Last October, U.N. Special Rapporteur Ahmed Shaheed reported to the General Assembly that Iran was responsible for "a pattern of systemic violations of ... fundamental human rights."  Human rights law is made up of a series of treaties and conventions that afford individuals, regardless of race, gender, ethnicity, or national origin, certain inalienable civil rights.  While Iran has signed and ratified several human rights treaties, including the International Covenant on Civil and Political Rights (ICCPR) in 1975 and the Convention on the Rights of the Child (CRC) in 1994, history has proven the country's outright violation of international law time and time again, continuing unabated with impunity.

Moreover, the institutions tasked with reporting on Iran's violations have been outright silent or have turned a blind eye.  In fact, the first time the U.N. special rapporteur published a report since 2002 on "the situation of human rights in the Islamic Republic of Iran" was in October 2011.  The U.N. special rapporteur has since issued only a single report in March 2012, reaffirming the U.N.'s disapproval of the Iranian government's crimes but failing to recommend any concrete remedial actions.  Neither the International Criminal Court (ICC) nor the International Court of Justice (ICJ) has ever attempted to bring a case against the Iran or its officials for war crimes or incitement to genocide, nor has the special rapporteur made any calls for such proceedings.  Such inaction has led to ignorance and delusion.  Worse still, as Kofi Annan's comments so aptly demonstrate, it has led to an outright rejection of the truth.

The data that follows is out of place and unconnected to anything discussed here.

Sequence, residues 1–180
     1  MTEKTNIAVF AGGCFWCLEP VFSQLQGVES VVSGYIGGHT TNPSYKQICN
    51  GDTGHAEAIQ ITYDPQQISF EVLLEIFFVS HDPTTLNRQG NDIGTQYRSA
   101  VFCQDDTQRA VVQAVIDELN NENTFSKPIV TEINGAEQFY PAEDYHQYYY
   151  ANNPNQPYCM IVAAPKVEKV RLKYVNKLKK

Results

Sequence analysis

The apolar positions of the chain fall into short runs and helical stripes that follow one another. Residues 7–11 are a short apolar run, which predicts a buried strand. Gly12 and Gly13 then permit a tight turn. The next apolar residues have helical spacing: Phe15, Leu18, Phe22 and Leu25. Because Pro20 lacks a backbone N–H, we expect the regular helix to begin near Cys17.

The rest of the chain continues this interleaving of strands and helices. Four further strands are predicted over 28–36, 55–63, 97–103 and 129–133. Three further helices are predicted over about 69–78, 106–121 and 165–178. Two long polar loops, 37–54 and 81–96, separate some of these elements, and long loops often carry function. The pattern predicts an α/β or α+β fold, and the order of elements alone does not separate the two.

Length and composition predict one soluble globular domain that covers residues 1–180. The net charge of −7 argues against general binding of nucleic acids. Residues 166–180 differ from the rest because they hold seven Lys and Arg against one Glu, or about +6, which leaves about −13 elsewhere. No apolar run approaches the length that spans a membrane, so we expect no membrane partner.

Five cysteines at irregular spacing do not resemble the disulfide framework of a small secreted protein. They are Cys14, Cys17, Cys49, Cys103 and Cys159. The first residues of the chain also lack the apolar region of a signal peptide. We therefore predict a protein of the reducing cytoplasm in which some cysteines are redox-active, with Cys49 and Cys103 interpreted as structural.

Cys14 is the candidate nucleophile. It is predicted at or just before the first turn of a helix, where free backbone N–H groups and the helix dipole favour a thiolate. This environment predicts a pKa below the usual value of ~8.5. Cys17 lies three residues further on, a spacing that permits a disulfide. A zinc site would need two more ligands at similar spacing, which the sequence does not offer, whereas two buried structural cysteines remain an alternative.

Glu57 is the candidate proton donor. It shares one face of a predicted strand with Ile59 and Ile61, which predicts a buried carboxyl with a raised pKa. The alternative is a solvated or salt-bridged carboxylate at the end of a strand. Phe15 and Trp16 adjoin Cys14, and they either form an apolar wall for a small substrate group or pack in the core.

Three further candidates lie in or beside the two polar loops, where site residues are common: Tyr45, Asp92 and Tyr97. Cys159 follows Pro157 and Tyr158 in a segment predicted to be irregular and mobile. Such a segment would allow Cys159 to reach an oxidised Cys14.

Ruining religious freedom

Iran's widespread persecution of religious minorities is a prime example of its flagrant disregard for human rights.  Article 18 of the ICCPR guarantees everyone "the right to freedom of thought, conscience and religion."  While Article 13 of the Iranian constitution labels Judaism and Christianity as "recognized religious minorities," individuals are allowed to practice these religions only "within the limits of the law" -- i.e., sharia (Islamic) law.  As a result, rights enumerated in the constitution are, in practice, denied to religious minorities.  Between 2008 and 2010, as many as 276 Christians were arrested merely on the basis of their religious status, charged with the crimes of "evangelism" and "activities against Islam."  For example, on November 13, 2009, pastor Youcef Nadarkhani received a death sentence for apostasy and evangelism.  Nadarkhani has now spent 1,000 days in prison without being given a trial.

The state of affairs is even bleaker for those of the Bahá'í faith, whose religion is not "recognized" by the Iranian constitution.  Since 1979, 200 Bahá'ís have been systematically murdered by government order.  Since 1980, 640 Bahá'í properties have been seized.  In June 2004, government forces destroyed the house of Mirza Abbas Nuri, the father of Baha'u'llah (the founder of the religion), and in 2007, a government letter restricted Bahá'ís from participating in high-earning businesses and sensitive business categories including tourism, film, and computers.

A woman's dystopia

The ICCPR also guarantees certain protections for women, such that no marriage shall be entered into without the "free and full consent" of both partners, and that all persons regardless of gender are "equal before the law" and are entitled to the "equal protection of the law."

Before the Iranian revolution, women's rights were enumerated in a statute called the Family Protection Law.  The law was eliminated in 1979 post-revolution, and a woman's equal rights in marriage, divorce, and child custody were abolished.  Currently in Iran, girls are forced to marry as young as nine years old and are banned from obtaining a divorce unilaterally, except under the most extreme conditions, such as where the husband is suffering from insanity or has disappeared for more than five years.  Women are also banned from marrying non-Muslim men and are routinely beaten by the police in public if they fail to wear the traditional garb (a veil).  In court proceedings, women are deemed to be worth half of a man so that, for example, in a will, a daughter can inherit, at most, half the amount that a male sibling receives.